4 Major Takeaways from G20 Meeting

It’s dangerous to try calling a bottom in oil prices, but after this weekend’s strongly bullish set of statements, today’s rally certainly feels like the beginning of an uptrend. Crude oil is currently trading at $52.56, up $1.63 (3.2%) – if that gain holds, it will be the largest gain since Oct 1, just before prices hit their 2018 peak.

Fuel prices are also firmly in the black this morning. Diesel prices are trading at $1.8826, a strong gain of 5.2 cents (2.9%) this morning. Gasoline prices are $1.4300, up 2.8 cents (2.0%) from Friday’s close.

Over the weekend, Qatar announced plans to withdraw from OPEC on Jan 1 to focus on their natural gas production. Although the country claims the decision is not political, it does come after long-held tension between Qatar and Saudi Arabia. Qatar is one of the smallest oil producers in OPEC, but is a global leader in LNG exports; however, their decision to focus on natural gas does not mean they’re ignoring oil output. Qatar did note they would attend the OPEC meeting this week and abide by its output decisions.

The decision in itself is not necessarily significant for global oil prices, but Qatar’s withdrawal does create a precedent for other countries to follow. OPEC is heavily dominated by Saudi Arabia, the largest producer among OPEC nations. Increasingly, Russia and the US have been influencing the organization as well, further removing influence from smaller countries. As smaller members grow dissatisfied by OPEC’s decisions, they may move to join Qatar as independent producers, reducing the organization’s ability to influence global oil prices.

G20 Party

The G20 brought a slew of news causing today’s market rally. Bringing together the leaders of the 20 largest economies in the world, major announcements are expected. Given stagnant results at other international conferences this year including APEC in November, the NATO Summit in July, and the G7 in June, it’s refreshing to have a meeting end with progress. Among the meetings most important takeaways were:

  1. Official Signing of New NAFTA. On Friday, the US, Mexico, and Canada signed a new trade agreement, formally called the US-Mexico-Canada Agreement (USMCA). With a new deal formalized, Trump announced his intentions to withdraw from the old North Atlantic Free Trade Agreement (NAFTA), forcing Congress to opt for the newly negotiated deal. The deals are quite similar, but USMCA will shift more auto manufacturing from Mexico to the US and allow more dairy exports from the US to Canada. USMCA also paves the way for the US to lift its steel tariffs it placed on Canada back in May.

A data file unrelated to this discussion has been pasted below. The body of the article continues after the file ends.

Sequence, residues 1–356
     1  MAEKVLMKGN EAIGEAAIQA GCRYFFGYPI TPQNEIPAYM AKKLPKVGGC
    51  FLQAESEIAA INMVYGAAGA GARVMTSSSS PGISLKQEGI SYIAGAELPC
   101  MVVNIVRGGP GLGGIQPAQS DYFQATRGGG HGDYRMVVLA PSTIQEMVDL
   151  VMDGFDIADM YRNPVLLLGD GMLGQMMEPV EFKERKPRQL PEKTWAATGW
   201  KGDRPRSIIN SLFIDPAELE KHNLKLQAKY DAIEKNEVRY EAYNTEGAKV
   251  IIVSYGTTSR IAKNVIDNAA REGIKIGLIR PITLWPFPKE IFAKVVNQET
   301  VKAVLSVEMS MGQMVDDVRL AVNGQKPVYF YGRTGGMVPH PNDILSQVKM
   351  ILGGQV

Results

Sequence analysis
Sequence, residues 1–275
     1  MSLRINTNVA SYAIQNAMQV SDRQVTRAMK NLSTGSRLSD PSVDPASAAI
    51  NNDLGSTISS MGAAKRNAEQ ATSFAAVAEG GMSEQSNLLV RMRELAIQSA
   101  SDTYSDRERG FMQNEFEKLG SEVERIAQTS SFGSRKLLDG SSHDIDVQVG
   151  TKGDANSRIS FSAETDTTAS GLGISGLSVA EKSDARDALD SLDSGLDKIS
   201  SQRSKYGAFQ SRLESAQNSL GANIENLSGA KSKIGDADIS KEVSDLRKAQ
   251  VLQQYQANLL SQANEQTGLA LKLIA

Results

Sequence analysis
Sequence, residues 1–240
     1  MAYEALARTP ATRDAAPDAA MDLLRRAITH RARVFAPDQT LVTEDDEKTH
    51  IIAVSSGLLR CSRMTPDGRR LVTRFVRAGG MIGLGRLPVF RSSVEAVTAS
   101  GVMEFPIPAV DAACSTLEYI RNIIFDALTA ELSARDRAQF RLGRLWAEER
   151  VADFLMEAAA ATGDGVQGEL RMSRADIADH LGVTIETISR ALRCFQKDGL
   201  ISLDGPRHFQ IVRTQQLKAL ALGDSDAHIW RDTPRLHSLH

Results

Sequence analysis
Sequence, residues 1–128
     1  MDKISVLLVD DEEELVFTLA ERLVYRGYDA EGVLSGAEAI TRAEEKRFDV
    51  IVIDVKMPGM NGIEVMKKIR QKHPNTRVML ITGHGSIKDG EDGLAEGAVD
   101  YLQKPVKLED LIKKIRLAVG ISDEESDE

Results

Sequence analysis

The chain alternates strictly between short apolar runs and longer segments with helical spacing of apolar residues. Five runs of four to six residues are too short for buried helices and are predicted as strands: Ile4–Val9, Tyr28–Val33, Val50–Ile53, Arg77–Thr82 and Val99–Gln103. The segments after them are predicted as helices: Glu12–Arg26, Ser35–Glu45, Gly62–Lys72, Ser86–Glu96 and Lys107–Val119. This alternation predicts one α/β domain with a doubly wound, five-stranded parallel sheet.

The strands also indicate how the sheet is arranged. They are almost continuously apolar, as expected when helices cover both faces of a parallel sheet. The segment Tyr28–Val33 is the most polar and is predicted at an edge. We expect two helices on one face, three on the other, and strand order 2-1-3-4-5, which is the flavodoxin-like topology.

2. US-China Trade Talks. Trump and Chinese President Xi sat down for dinner to discuss escalating trade disputes, and both parties walked away with a positive disposition. Trump was planning to raise tariffs from 10% to 25% on the goods already affected by the trade war, but agreed to a 90-day extension on tariff hikes to allow the countries to hash out their trade disputes. The extension doesn’t de-escalate the difficult trade relationship, but it does stop the escalation for now and provides some positive footing for future agreements.
  3. Khashoggi Killing Still a Hot Political Potato. After the international community condemned Saudi Arabia for the murder of Washington Post journalist Khashoggi, countries showed mixed opinions on Saudi leader MbS. Putin gave Khashoggi a high-five, but both the US and Argentina cancelled meetings with the Saudi leader. Canada, France, and UK ministers all made sideline comments on the killing, with Canada mentioning it during the G20. President Trump has provided political cover to the Saudis, saying there’s no conclusive evidence the Saudi regime had knowledge of the attacks. With no clear political follow-through for any of the condemnation of Saudi Arabia, it appears America’s political cover is working and that countries are not pursuing stronger action against the Saudi kingdom.
  4. Russia and Saudis Agree to Cuts. Russian President Putin and Saudi Crown Prince Mohammed bin Salman (often referred to as MbS) met on the sidelines of the G20 to discuss oil policies, and agreed that the OPEC+ group should continue balancing markets in 2019. The two countries want to support market stability, and will help guide the OPEC meeting quickly approaching this week. Still, Saudi Arabia is beholden to the US after the Khashoggi incident, and may feel pressure to keep 2019 output high.

Market Condition Report - Disclaimer
The information contained herein is derived from sources believed to be reliable; however, this information is not guaranteed as to its accuracy or completeness. Furthermore, no responsibility is assumed for use of this material and no express or implied warranties or guarantees are made. This material and any view or comment expressed herein are provided for informational purposes only and should not be construed in any way as an inducement or recommendation to buy or sell products, commodity futures or options contracts.

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